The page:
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Key Points

  • Anemia is a prevalent problem in adult surgical patients and is a modifiable risk factor for poor perioperative outcomes. The administration of allogeneic blood is associated with inferior outcomes in surgical patients with anemia. Thus, transfusion is not an optimal treatment for preoperative anemia.1
  • A comprehensive approach should be employed to prevent, diagnose, and treat anemia as part of patient blood management throughout a patient’s perioperative course.


  • Perioperative anemia is common, affecting about 25-75% of adult surgical patients.1 Anemia has been identified as an independent and modifiable risk factor for poor perioperative outcomes.1,2
  • In surgical patients with anemia, the administration of allogeneic blood is associated with inferior outcomes.1 Thus, transfusion is not an optimal treatment for preoperative anemia.1
  • Instead, a targeted approach should be employed to prevent, diagnose, and treat anemia as a part of the comprehensive patient blood management during the perioperative course.
  • A commonly accepted definition of anemia in adults is a hemoglobin concentration less than 13 g/dL for all genders, as this value is associated with an increased risk of erythrocyte transfusion and associated adverse outcomes.2


  • The presence of chronic preoperative and acute intraoperative anemia is a strong predictor of postoperative mortality after both cardiac and noncardiac surgery.2
  • Anemia decreases arterial oxygen content (CaO2) and limits oxygen delivery to the organs and tissues, culminating in end-organ dysfunction/failure if left untreated.
  • Notable complications of perioperative anemia include2
    • acute kidney injury;
    • stroke;
    • myocardial injury and infarction.
  • A retrospective study of over 227,000 surgical patients from the American College of Surgeons National Surgical Quality Improvement Program database showed that patients with anemia had increased adjusted odds ratio for mortality (1.42x), cardiac injury (1.45x), respiratory dysfunction (1.33x), and renal injury (1.37x). Another study from the International Surgical Outcomes Study database of approximately 38,000 patients showed that patients with moderate anemia (8.0-9.0 g/dL) had an increased risk of in-hospital mortality and myocardial infarction.2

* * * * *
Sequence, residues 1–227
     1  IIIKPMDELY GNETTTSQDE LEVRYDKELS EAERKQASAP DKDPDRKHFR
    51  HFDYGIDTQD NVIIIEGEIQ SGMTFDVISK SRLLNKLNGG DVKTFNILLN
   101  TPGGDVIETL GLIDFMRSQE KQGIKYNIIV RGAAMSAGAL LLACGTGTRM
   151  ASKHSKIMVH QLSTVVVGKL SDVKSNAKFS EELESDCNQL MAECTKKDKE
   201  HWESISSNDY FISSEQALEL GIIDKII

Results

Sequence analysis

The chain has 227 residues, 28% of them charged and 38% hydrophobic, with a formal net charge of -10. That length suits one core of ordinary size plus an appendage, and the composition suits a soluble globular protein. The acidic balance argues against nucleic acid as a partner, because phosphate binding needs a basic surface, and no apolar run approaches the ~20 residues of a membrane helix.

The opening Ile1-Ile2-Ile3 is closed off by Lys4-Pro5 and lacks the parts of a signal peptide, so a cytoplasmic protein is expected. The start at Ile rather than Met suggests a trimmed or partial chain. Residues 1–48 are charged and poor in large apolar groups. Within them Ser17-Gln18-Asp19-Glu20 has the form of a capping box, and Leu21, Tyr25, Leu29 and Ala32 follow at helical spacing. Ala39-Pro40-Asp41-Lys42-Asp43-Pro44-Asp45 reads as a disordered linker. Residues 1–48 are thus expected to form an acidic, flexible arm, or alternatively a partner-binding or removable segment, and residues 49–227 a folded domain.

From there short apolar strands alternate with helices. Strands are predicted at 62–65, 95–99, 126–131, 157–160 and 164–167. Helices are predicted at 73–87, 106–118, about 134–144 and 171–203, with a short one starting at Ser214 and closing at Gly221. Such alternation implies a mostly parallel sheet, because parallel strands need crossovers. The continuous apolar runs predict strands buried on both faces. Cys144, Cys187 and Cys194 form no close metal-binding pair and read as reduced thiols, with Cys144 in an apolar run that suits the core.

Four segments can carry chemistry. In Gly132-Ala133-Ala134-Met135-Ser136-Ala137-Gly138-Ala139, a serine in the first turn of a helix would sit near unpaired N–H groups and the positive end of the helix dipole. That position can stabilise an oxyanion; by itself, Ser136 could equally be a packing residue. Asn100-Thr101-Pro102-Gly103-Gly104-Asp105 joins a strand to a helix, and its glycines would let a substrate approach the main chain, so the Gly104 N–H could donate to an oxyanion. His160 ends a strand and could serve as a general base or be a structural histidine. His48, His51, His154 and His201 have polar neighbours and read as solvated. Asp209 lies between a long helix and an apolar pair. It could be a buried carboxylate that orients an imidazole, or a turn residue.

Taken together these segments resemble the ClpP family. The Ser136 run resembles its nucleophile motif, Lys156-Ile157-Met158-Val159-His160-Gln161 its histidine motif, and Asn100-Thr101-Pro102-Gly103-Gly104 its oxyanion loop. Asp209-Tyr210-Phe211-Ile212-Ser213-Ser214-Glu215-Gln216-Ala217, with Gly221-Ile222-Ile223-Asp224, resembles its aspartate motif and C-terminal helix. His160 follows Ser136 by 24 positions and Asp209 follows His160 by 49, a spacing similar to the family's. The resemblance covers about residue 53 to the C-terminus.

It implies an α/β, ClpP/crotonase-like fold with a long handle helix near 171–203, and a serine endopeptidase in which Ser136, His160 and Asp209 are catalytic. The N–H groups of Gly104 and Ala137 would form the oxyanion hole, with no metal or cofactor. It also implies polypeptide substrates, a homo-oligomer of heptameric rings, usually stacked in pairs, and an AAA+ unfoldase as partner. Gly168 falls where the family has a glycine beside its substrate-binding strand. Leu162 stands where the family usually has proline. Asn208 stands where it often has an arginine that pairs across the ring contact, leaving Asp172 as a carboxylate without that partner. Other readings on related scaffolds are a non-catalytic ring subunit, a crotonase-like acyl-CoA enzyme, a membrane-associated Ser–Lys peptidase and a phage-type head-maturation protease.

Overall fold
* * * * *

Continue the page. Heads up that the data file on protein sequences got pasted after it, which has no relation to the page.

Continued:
• Further studies have demonstrated that the degree of anemia is proportional to the risk of poor perioperative outcomes.2

Preoperative Testing and Management

The presence of preoperative anemia, coagulopathy, and surgical factors that increase the risk of perioperative bleeding should be addressed during all preanesthetic evaluations.

Tenets of Preoperative Testing

  • Treatments for anemia require time for maximum efficacy. Thus, testing should be completed at least 4 weeks prior to surgical intervention.1
  • Screening for preoperative anemia with a complete blood cell count should be limited to:3
    • patients undergoing major surgical procedures associated with large volume blood loss (> 10% chance of needing a transfusion or > 500 mL estimated blood loss);
    • patients that are expected to have preoperative anemia unless the surgery to be performed is minor in nature.
  • A step-by-step approach to determine the etiology of anemia and the guiding principles for the treatment of perioperative anemia are listed in Figure 1.

Figure 1. Algorithm for determining the etiology and guiding principles for the treatment of perioperative anemia. Reproduced with permission from Warner MA et al. Anesth Analg. 2020.1 Abbreviations: CHr = reticulocyte hemoglobin content, eGFR = estimated glomerular filtration rate, GI = gastrointestinal, IV = intravenous, MMA = methylmalonic acid, PCP = primary care provider, PO = per os, TSAT = transferrin saturation.

Iron Deficiency Anemia

  • Iron deficiency anemia (IDA) is the most common cause of perioperative anemia and iron studies should be performed first.

Treatment of Iron Deficiency Anemia

  • Iron replacement